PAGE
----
Thunder’s young legs, depth show Lakers guard is changing

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Wednesday night it was the Celtics. Thursday night it was the Lakers.

Two nights, two wins for the young Oklahoma City Thunder over the old guard of the NBA. The teams that from 2008 to 2010 won the NBA titles and met in the finals twice.

In case you need any more proof that the guard has changed in the NBA. The Lakers looked like a team with some good pieces but missing a few, the Thunder looked like a title contenders. Oklahoma City pulled away in the second half to win 100-85.

For the first 24 minutes it was close — the Lakers played good defense, particularly on the pick and roll. Which essentially meant their big men Andrew Bynum and Pau Gasol were active — those two can make up for the deficiencies of Derek Fisher and Steve Blake and slow the force that is Russell Westbrook.

Then in the final second of the first half, the entire momentum changed.

First Russell Westbrook hit a three with 0.8 seconds left that tied the score (just after the Lakers had made a little 7-1 run to take the lead). The Lakers were clearly frustrated, they didn’t move to get open for the “meaningless” inbounds pass.

Then Bynum threw a lazy pass to the corner, Kevin Durant stole it, got off a baseline jumper and nailed it. It changed the momentum the rest of the way. Well, that and the fact the Lakers are old legs on a back-to-back and the Thunder have young legs.

Oklahoma City pulled away for the win from there by getting out and running on a Lakers team that looked old the last 24. The Thunder are contenders. They are filled with long defenders who close out spaces quickly, they have two guys in the aggressive Westbrook and the skilled Durant who can get their shot off whenever they want. Good role players surround the Thunder stars.

The Lakers have their big three and then it is a Niagara Falls drop to the rest of the roster. For the second night in a row, Pau Gasol played well while Kobe Bryant struggled to find his shot. All night long Thursday the beard of Harden was tracking Kobe, getting in his face, denying passes and contesting shots. In the Lakers win over the Mavericks Wednesday and their loss to the Thunder, Kobe is 11-31 (35.4 percent). Harden used his sense of pace and angles to score 16 points of his own.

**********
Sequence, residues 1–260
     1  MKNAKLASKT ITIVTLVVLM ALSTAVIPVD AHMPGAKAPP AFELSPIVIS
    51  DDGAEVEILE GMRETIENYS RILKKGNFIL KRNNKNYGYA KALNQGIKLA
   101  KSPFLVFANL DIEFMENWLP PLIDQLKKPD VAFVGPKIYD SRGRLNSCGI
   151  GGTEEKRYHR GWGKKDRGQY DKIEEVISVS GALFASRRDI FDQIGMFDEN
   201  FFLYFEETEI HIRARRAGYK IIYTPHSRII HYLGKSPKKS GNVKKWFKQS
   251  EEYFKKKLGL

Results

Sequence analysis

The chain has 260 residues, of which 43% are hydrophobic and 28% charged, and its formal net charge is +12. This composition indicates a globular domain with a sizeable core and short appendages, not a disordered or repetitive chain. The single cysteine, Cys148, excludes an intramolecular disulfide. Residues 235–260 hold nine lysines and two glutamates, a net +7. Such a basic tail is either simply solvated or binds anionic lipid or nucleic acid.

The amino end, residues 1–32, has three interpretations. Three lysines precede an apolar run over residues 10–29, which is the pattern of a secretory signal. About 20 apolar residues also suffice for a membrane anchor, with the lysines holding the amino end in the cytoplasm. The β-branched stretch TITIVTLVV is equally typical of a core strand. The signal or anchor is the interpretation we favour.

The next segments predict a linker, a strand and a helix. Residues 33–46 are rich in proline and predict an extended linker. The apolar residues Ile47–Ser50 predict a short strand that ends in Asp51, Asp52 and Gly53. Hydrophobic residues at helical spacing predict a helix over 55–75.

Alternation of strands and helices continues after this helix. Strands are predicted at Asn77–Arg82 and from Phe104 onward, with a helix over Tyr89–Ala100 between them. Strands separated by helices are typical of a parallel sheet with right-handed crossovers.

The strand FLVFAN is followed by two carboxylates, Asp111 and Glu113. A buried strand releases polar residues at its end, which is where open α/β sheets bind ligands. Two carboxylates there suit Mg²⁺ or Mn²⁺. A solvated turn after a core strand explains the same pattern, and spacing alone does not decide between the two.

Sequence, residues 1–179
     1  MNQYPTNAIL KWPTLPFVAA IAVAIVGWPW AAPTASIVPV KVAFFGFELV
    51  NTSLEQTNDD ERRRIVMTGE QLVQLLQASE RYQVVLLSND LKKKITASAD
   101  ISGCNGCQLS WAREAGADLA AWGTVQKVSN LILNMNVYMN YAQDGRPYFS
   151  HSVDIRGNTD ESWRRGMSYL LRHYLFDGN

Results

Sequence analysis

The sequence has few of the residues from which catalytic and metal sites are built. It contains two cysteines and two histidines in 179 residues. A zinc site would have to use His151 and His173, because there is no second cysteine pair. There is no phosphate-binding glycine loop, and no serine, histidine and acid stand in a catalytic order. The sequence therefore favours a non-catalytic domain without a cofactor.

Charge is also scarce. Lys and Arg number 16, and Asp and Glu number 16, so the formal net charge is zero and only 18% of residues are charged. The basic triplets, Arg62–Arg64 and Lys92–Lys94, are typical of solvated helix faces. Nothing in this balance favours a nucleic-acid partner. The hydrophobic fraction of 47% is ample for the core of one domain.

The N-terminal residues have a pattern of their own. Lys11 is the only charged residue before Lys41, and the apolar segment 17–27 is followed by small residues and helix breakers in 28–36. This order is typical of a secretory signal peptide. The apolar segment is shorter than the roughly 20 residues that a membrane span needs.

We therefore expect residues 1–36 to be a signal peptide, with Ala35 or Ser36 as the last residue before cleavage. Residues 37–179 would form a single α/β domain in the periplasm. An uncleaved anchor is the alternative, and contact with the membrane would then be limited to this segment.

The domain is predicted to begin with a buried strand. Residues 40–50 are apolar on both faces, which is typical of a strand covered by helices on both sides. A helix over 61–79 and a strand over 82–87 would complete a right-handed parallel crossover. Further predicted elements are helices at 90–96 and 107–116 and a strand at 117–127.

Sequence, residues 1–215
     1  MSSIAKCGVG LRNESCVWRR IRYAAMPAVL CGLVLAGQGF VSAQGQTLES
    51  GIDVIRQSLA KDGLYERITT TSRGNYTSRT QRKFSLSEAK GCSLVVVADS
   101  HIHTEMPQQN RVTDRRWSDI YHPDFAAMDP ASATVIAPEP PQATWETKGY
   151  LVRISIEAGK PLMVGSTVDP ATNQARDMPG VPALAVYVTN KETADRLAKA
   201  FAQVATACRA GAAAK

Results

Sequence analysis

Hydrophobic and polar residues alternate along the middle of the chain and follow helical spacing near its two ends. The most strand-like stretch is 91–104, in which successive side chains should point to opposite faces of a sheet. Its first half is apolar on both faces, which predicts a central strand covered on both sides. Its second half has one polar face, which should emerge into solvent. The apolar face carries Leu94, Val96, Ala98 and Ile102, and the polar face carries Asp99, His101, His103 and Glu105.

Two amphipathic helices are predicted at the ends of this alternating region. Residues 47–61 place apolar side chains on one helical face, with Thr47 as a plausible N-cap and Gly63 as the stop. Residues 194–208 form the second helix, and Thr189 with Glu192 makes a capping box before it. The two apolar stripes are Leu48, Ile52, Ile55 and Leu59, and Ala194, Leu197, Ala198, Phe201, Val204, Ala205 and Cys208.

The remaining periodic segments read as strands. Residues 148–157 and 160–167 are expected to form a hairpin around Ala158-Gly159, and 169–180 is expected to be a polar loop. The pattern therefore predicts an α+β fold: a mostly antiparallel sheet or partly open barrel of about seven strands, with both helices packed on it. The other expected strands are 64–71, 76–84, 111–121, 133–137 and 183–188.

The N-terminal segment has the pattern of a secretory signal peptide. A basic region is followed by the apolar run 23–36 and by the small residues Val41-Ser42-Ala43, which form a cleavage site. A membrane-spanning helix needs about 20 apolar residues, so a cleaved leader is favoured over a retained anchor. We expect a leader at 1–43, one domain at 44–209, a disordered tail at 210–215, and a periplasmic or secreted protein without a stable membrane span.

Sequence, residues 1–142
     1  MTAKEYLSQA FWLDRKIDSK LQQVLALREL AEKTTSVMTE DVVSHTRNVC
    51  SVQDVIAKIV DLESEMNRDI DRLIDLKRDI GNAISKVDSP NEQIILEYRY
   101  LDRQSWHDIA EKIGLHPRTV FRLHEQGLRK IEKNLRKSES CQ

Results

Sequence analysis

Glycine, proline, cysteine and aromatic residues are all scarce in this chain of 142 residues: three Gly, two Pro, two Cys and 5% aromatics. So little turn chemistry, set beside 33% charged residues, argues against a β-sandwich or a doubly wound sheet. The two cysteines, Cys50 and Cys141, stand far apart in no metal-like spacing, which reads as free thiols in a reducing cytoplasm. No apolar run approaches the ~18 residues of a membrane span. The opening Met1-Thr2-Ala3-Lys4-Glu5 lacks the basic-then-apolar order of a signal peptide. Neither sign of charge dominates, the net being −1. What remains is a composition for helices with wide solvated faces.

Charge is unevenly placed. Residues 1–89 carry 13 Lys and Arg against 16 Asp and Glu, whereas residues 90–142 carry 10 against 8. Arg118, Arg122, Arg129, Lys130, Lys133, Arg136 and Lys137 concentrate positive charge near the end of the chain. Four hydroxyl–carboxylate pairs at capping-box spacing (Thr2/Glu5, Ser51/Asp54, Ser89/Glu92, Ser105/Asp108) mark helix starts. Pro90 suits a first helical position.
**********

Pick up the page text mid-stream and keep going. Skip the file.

You don’t want to read too much into one game, but this summed up well where these two are heading into the All-Star Break.

Watch the top 60 clutch shots from last NBA season

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It’s that time of the year when there is no basketball, so we fill the time with idle Kyrie Irving speculation and video highlights of last season.

Along those lines, above you can out the top 60 clutch shots from last season, as determined by the folks at NBA.com.

The great thing about the clutch shot list is the ball is in the hands of stars at the ends of games, so there is plenty of Russell Westbrook, John Wall, LeBron James, Devin Booker, Kevin Durant and more. Personally, I would have switch No. 1 and No. 2 on the list, but it’s all fun to relive.

Cavaliers owner Dan Gilbert: Pacers ‘could have done better’ on Paul George trade

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Kyrie Irving has requested a trade. LeBron James could leave next summer. The Cavaliers keep churning through general managers, the newest – Koby Altman – the reason for today’s press conference.

But Cavs owner Dan Gilbert looked past his own team’s turmoil and potential turmoil to take a shot at the Pacers, who traded Paul George to the Thunder for Victor Oladipo and Domantas Sabonis.